'GOTV' clock counts down on candidates
YOU CAN hound, cajole and hector them for months. Call them up weekly, offer to drive them to the polls. Appeal to their vanity, say their vote is the only one that counts. Or humiliate them, saying they are barely citizens if they don't vote.
This week the mission for supporters of Sen. Daniel Akaka and Rep. Ed Case is this: Make people vote for their guy.
By Saturday night, all those stories of getting out the vote, GOTV in political-speak, will be reduced to digits as the state election computers tally up the numbers.
By Sunday morning if the vote is close, by Saturday night if there is a sharp difference, we will know if Akaka or Case wins the Democratic primary for U.S. Senate.
Last Monday, I spent the day talking to people who had just voted on the first day of absentee voting. It is an enjoyable exercise, because right after someone votes, they always seem pleased with themselves and nearly everyone feels comfortable explaining who they voted for and why.
Some of the voters come up with reasons that would confound the most skilled political interviewer.
One young haole fellow explained he was voting in the Democratic primary. Immediately I figured this was part of the much-discussed GOP switch to Case.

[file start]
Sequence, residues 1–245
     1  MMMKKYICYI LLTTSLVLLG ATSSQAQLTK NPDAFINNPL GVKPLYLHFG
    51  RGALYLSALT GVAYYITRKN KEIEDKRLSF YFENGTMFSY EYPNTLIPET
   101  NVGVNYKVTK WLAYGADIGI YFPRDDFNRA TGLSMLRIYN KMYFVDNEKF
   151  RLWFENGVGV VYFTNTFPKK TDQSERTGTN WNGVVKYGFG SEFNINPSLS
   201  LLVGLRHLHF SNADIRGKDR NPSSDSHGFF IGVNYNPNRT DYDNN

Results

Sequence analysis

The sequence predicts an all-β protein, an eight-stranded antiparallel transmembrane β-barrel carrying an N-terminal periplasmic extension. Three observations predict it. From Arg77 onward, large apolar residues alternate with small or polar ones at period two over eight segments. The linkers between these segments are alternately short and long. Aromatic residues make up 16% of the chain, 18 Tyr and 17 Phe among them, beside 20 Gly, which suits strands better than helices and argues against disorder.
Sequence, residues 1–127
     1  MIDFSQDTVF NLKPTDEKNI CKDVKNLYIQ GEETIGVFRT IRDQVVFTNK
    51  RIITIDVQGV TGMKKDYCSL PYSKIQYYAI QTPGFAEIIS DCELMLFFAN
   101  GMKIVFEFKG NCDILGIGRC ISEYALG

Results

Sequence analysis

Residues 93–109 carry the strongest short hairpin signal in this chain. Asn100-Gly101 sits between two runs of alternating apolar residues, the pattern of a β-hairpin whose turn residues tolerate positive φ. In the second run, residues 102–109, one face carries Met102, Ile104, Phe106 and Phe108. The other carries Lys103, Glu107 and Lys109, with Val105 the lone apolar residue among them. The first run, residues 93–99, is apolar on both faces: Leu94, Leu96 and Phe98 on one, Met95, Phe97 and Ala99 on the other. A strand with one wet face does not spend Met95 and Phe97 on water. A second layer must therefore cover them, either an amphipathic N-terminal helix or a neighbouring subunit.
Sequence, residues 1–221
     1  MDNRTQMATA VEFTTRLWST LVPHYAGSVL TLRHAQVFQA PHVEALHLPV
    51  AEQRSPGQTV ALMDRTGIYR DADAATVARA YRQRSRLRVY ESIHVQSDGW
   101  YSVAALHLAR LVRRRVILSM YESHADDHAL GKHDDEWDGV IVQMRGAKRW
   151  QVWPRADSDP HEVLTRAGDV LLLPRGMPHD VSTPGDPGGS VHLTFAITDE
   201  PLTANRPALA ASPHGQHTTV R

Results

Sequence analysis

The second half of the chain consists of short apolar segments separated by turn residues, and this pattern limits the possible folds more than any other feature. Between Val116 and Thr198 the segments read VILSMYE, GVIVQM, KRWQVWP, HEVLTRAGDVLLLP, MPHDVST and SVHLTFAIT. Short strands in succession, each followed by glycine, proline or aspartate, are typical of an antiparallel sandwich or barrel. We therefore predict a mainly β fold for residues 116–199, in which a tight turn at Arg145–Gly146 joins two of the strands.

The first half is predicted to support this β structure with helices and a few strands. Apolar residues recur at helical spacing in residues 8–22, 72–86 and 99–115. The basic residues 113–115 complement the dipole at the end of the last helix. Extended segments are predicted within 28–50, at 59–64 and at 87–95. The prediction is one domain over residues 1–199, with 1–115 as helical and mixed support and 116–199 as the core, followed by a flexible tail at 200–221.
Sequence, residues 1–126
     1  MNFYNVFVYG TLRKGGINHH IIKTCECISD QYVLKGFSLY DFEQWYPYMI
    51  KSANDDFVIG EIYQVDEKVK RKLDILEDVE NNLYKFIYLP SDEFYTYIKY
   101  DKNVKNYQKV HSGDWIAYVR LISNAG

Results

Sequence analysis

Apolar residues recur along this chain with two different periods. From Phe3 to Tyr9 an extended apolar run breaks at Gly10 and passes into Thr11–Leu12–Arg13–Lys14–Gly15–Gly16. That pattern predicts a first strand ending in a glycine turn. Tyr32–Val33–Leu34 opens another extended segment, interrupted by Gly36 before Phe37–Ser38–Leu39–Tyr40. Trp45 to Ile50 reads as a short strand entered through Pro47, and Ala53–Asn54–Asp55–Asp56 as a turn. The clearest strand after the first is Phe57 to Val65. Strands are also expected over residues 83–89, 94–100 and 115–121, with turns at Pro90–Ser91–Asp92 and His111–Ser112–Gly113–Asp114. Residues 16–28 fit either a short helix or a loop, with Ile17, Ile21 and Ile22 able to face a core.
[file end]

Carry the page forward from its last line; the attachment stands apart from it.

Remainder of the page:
Half-right -- he was a Republican, but he was voting for Akaka, saying it was essential that Akaka serve another term.
And then there was a retired AJA school teacher in Pearlridge who appeared to be the bedrock of the Hawaii Democratic Party. I looked at her and thought, "I bet she used to listen to former Gov. Jack Burns and was one of those famous 'little sparrows' that would vote a straight Democratic ticket."
Nope, got that one 100 percent wrong. She was voting for Case, but she and all her friends were Republicans.
More predictable but still interesting was the variety of voters by geographic area. At City Hall, the first-day voting crowd was professional and political. These were staff workers and assistants in political offices, or court workers who probably knew most of Honolulu's politicians.
The vote there was strongly in favor of Akaka.
But then out at Kapolei Hale, the voters were more mixed, a mom with her kids in tow, a retiree wearing a faded "Visit Yellowstone" T-shirt and a city worker on his lunch break. The vote there was by Democrats and for Case.
I asked as many voters as possible how they got the information to make a decision. A majority said they actually read about the candidates. The second-highest way they said they got information was by listening to the candidates, either in a debate or attending a coffee hour.
However they get the information, first-day voters are an akamai bunch, and both Case and Akaka wish there were more of them.
writes on politics every Sunday in the Star-Bulletin. He can be reached at 525-8630 or by e-mail at email@example.com